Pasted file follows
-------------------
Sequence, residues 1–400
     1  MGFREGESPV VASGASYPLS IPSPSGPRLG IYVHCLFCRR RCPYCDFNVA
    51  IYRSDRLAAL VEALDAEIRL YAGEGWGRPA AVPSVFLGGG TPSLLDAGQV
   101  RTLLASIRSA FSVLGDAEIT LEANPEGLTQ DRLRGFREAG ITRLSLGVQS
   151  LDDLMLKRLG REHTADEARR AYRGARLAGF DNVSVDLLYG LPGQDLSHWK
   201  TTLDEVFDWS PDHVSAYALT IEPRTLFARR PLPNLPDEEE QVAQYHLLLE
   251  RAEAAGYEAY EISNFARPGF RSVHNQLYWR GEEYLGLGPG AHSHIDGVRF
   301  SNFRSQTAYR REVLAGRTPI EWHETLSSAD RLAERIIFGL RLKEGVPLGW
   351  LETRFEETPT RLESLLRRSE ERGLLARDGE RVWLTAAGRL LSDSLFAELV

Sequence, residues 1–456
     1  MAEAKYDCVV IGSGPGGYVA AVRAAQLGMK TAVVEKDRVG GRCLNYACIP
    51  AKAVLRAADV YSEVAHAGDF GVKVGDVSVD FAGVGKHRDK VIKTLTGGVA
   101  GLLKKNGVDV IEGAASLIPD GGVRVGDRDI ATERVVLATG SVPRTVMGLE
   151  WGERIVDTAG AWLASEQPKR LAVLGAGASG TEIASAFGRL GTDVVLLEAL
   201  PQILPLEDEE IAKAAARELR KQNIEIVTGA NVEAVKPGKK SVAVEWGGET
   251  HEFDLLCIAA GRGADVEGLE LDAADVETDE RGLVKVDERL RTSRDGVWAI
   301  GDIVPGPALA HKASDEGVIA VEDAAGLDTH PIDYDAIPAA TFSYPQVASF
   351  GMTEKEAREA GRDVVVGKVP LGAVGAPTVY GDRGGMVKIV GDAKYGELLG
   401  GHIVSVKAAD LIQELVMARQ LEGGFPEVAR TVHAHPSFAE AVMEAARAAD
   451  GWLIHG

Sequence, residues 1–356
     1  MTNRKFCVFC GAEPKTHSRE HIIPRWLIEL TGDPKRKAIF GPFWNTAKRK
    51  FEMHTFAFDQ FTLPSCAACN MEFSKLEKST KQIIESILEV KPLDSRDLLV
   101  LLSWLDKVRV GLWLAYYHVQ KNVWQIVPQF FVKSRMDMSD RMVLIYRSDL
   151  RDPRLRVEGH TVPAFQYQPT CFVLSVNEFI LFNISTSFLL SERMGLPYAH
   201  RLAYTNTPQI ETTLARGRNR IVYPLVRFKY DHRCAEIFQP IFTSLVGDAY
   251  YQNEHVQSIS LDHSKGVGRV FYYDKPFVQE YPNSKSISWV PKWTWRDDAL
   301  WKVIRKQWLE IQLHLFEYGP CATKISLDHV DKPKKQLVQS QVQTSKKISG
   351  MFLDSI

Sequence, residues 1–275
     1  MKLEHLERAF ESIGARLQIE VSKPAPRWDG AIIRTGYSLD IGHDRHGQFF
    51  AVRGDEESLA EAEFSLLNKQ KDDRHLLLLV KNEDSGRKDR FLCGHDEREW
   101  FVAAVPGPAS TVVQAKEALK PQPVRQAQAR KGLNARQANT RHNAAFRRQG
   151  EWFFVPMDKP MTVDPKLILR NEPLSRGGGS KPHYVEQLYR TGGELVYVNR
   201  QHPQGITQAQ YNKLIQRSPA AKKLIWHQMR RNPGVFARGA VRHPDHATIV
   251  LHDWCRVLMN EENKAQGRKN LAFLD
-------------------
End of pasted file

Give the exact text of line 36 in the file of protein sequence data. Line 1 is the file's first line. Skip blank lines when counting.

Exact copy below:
   251  LHDWCRVLMN EENKAQGRKN LAFLD